- Fasciculus tempo[rum] omnes antiquo[rum] cronicas complectens, incipit feliciter. Singulari industria atq[ue] impensa Georij Walch Almani, 1479...
- woodcut, woodcut roundels, dark brown morocco,
Folio (11 5/8 x 8 in.; 302 x 204 mm), Gothic type; blank, 7 leaves (table in three columns) 64 leaves (including the prologue), 2 woodcut initials, 14 woodcut illustrations in the text, (including mythical symbols such as Noah's Ark, the Tower of Babel Tower, Temple of Solomon or views of Rome, Istanbul (Byzantium/Constantinople), Athens, Venice, and a portrait. All illustrations delicately colored by hand, probably at the time of the binding, i.e. first half of the eighteenth century, woodcut roundels throughout. Complete copy with 72 leaves; dampstaining in margin of first 19 leaves, wormhole repairs on first 15 leaves (lower inside corner) and small tears repairs on last leaf, not affecting text or illustrations. Eighteenth century calf, double thick gilt frame, floral gilt ornament in the inside corner of inside frame and in the center of panels, Grotesque style gilt design on spine; slightly rubbed, wormhole at bottom of the spine.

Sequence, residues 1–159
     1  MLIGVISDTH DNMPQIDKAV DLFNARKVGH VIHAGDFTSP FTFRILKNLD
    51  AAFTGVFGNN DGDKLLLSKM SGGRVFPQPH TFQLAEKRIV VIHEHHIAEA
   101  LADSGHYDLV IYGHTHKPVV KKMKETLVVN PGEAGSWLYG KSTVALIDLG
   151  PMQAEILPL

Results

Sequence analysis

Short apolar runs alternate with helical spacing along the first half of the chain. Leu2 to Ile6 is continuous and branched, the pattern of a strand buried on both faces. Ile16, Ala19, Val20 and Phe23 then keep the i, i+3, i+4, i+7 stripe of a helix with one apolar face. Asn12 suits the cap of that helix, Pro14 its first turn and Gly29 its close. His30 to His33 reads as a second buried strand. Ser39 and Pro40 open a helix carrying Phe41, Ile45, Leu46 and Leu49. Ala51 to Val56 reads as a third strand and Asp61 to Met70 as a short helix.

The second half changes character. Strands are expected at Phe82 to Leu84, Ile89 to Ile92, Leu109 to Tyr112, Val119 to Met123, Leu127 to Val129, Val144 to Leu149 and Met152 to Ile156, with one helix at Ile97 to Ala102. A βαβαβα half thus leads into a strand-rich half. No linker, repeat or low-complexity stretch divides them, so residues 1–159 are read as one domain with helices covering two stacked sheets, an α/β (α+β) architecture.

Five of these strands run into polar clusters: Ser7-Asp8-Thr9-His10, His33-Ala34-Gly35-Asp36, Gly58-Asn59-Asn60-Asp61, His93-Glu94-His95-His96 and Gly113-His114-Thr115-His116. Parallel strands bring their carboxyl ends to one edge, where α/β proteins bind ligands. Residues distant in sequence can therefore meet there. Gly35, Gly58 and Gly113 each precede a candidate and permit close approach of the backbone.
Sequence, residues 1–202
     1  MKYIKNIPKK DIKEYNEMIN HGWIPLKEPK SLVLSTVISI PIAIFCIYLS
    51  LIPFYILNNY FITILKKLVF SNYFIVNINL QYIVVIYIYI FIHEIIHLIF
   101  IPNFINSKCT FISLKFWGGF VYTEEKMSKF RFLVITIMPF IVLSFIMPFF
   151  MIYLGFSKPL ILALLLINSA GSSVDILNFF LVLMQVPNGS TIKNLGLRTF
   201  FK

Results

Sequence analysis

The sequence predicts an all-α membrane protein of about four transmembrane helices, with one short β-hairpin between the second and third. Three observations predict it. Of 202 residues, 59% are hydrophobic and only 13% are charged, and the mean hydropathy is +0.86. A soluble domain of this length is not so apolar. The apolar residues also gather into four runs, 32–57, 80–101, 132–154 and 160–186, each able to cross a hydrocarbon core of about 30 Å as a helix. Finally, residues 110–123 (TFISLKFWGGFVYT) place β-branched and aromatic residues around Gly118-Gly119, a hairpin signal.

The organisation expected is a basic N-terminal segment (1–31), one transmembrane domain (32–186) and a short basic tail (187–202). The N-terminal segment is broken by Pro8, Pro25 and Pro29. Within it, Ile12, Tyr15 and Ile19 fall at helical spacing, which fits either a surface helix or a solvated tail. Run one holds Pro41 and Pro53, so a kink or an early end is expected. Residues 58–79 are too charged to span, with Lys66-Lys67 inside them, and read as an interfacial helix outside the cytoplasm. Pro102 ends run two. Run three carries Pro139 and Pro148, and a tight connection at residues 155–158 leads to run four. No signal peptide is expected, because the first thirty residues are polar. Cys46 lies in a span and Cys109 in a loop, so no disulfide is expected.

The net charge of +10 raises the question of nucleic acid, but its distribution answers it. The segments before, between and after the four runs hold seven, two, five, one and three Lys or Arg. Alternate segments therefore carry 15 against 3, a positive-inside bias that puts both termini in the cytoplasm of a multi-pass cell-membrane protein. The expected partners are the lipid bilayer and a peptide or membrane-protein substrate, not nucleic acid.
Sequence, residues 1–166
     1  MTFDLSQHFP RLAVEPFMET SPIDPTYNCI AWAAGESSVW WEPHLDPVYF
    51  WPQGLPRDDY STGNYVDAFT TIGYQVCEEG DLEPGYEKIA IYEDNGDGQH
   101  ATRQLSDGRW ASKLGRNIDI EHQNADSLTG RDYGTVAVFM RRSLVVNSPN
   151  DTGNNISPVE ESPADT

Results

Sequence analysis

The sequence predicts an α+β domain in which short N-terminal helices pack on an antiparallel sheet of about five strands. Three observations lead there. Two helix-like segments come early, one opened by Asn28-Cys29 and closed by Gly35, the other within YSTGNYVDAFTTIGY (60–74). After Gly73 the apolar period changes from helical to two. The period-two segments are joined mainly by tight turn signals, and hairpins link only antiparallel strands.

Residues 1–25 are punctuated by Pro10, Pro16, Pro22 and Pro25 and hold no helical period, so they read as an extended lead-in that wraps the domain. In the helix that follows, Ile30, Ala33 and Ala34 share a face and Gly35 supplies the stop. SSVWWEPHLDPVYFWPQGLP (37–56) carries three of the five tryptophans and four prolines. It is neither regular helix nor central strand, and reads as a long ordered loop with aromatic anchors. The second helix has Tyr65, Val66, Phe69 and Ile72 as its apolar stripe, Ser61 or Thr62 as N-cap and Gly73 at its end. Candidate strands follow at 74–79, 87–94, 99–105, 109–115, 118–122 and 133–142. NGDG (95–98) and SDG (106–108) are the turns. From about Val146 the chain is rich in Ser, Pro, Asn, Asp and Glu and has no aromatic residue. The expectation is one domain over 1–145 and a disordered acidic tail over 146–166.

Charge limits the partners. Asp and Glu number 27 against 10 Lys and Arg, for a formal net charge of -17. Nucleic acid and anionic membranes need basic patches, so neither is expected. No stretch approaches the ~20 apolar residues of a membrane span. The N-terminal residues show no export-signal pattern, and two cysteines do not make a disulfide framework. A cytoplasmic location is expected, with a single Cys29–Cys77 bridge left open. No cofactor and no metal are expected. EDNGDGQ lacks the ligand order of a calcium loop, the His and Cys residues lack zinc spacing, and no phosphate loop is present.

Brunet, II, 1187; BMC V, 274; Hain-Copinger 6924*; Goff R260; ISTC ir00260000.
Seventh incunable edition (first edition Cologne 1474) and first Italian edition.
The Fasciculus temporum is Rolewinck's history of the world from Creation to Pope Sixtus VI. Rolewinck (1425–1502), a monk from the Carthusian Monastery of Santa Barbara in Cologne, used the Chronicles of Marianus Scotus as source for his early history. The Fasciculus was printed more than 40 times during the author's life and was used as a school book for the students of this time.
The 1479 edition is the first Italian edition, made by Georg Walch in Venice. It has the very first printed view of Venice (the Piazza San Marco from the Grand Canal - verso of leaf 37). Walch, a German wandering printer, probably illustrated this edition to earn local sponsors.
A superb and large copy, complete and delicately handcolored.